Case 1: Susan (Pre-contemplative)

  • 45-year-old female who presents as a new patient
  • Smokes 2 packs of cigarettes a day
  • Has smoked since age 12
  • Has Type-2 Diabetes
  • Takes Sitagliptin 100mg once a day
  • No past quit attempts
  • Husband smokes, parents and grandparents smoked
  • Slightly overweight
  • No interest in quitting smoking
  • Advanced periodontal disease

Patient presents with maxillary and mandibular anterior teeth having been extracted and is wearing transitional removable appliances.

Decisions need to be made as to smoking cessation, periodontal treatment and tooth replacement. The photos and dental radiographs were taken prior to the referral (Figures 7‑9), and the periodontal charting done post-op (Figure 10).
Figure 7.
Photo showing front view of teeth.
Figure 8.
Photo showing mandibular view of teeth.
Figure 9.
Photo showing radiographs.
Figure 10.
Photo showing periodontal charting.

Script for Dental Health Professional (DHP) and the Patient [Note if an MI technique was used it is described after in brackets]

DHP: Hi Susan.

Now that you have had your abscessed front teeth extracted, we need to discuss further how you will approach your periodontal treatment and more permanent tooth replacements, as well as your cigarette smoking. Do you mind if we talk about your smoking at this time? [Asking permission]

Patient: You know, my teeth did seem to be flaring out a bit over the years. In fact, it is funny, but my 9-year-old niece told me that my teeth looked weird. It made me look at my teeth more closely. That was what got me to the dentist. I really feel terrible about losing my front teeth.

DHP: I am sure this has been a very difficult thing for you to go through. [Empathic response]. It does appear your upper and lower front teeth were moving because of the bone loss due to your periodontal infection. Do you think that your smoking may have contributed to this? [Asking the patient to give voice to what might be the cause of the problem]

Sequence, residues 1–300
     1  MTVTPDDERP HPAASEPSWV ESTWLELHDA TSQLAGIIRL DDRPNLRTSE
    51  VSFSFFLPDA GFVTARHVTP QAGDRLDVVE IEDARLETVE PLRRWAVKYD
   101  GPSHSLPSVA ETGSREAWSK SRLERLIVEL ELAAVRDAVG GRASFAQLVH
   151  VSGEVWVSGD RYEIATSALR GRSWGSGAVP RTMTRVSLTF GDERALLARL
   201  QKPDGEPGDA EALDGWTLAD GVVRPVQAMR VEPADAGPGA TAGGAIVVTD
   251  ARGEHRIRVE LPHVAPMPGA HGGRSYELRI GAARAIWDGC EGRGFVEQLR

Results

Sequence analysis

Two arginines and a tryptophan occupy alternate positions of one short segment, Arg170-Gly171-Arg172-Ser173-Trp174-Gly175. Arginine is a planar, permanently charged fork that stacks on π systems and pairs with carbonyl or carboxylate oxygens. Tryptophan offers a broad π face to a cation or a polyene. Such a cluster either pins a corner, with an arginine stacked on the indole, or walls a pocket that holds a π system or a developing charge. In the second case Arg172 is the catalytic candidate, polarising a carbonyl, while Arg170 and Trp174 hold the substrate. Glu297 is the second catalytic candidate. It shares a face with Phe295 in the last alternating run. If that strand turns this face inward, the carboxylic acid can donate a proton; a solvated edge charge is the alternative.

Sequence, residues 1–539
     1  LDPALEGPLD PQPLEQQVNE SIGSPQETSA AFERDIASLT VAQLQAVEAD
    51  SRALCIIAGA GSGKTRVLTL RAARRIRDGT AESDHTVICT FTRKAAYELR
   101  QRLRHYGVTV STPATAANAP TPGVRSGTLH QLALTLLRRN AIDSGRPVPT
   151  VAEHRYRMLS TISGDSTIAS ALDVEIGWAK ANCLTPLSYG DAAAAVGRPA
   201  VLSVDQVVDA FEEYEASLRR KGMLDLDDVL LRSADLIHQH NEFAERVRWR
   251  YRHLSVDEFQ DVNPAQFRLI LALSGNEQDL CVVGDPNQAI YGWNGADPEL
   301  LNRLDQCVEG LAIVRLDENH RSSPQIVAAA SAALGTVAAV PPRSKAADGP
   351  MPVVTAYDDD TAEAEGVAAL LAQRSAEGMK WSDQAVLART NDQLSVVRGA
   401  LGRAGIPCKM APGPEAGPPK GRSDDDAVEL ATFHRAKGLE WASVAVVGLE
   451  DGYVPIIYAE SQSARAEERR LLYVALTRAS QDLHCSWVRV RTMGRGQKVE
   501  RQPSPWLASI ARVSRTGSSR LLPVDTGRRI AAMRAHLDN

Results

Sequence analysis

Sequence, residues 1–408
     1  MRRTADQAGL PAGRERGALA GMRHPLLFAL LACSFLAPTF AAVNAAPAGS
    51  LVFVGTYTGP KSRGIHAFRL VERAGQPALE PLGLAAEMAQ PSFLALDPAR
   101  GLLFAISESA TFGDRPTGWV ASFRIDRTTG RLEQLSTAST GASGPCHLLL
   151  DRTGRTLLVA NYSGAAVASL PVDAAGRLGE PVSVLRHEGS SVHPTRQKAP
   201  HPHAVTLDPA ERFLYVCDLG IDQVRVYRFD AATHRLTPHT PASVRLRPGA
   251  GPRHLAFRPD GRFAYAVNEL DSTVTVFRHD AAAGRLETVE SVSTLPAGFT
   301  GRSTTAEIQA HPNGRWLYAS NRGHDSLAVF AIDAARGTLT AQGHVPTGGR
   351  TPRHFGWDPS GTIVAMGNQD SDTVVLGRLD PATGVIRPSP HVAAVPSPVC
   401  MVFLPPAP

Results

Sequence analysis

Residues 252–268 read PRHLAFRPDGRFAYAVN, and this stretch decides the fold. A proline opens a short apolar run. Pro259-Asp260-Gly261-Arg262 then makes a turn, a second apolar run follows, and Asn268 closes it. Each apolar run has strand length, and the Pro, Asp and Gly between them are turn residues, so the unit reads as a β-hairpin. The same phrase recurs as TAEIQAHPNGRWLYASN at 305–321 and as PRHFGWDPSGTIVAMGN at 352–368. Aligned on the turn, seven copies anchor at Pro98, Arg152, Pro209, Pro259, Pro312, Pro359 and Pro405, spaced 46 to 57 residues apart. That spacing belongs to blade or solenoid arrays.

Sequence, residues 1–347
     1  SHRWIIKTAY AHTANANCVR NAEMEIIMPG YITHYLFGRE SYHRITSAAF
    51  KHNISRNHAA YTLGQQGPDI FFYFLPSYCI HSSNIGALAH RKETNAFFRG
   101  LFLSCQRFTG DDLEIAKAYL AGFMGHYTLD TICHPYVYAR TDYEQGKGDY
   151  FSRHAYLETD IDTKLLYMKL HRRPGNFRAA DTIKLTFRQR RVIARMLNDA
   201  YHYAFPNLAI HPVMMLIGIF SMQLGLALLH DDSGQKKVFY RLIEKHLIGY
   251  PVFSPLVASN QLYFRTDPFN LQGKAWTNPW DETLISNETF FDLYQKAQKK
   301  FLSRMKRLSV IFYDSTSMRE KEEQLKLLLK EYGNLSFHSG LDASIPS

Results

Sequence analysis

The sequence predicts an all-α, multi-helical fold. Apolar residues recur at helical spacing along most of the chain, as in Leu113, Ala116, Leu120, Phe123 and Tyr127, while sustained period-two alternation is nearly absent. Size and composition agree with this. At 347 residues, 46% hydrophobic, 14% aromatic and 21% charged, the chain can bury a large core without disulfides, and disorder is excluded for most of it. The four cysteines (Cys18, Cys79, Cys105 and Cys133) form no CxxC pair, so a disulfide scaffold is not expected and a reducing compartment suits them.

Patient: I don’t know. I have been trying to floss and brush more. I guess my smoking may have helped cause this.

DHP: Is it okay if we talk about that for a few minutes? [Asking permission] What do you know about the relationship between smoking and oral health? [Use an open-ended question to have the patient give voice before giving her information or lecturing her]

Patient: Look, I know that smoking isn’t good for my health, but I really like smoking. It makes me feel good. My whole family smokes, and my grandparents are in their 80’s and they are fine. Anyway, everyone has to die from something.

DHP: What I hear you saying is that on the one hand, you really enjoy smoking, and on the other hand, you are aware it’s causing all sorts of health problems. [Use a double-sided reflection to let the patient hear her ambivalence about quitting]

On the following scale (show the patient the readiness ruler) from 1 to 10, where 1 is not ready to quit smoking and 10 is definitely ready to quit, what number best reflects how ready you are right now to quit? [Use a Readiness Ruler to assess a patient’s readiness to quit]

Patient: I don’t know, probably a 2.

DHP: And where were you 6 months ago on that same scale?

Patient: Definitely a 1.

DHP: Okay, how did you go from a 1 to a 2?

Patient: Not sure, but my niece’s comment made me feel awful.

DHP: What would it take to move from a 2 to a 3?

Patient: Well, I don’t want to lose any more of my teeth.

DHP: I can understand if you are not entirely ready to quit smoking right now. [Sounding empathic] For most smokers it is not easy, especially if they have been smoking for many years. [Normalizing]

While it sounds this is not the right time for you to quit, [Reflection] what I’m wondering is if you would be willing to take some pamphlets on quitting smoking and referral resources, and we can talk about this more as you go through your oral hygiene instruction and initial cleanings. [Ask, Advise and Refer]

Patient: Sure. Thanks.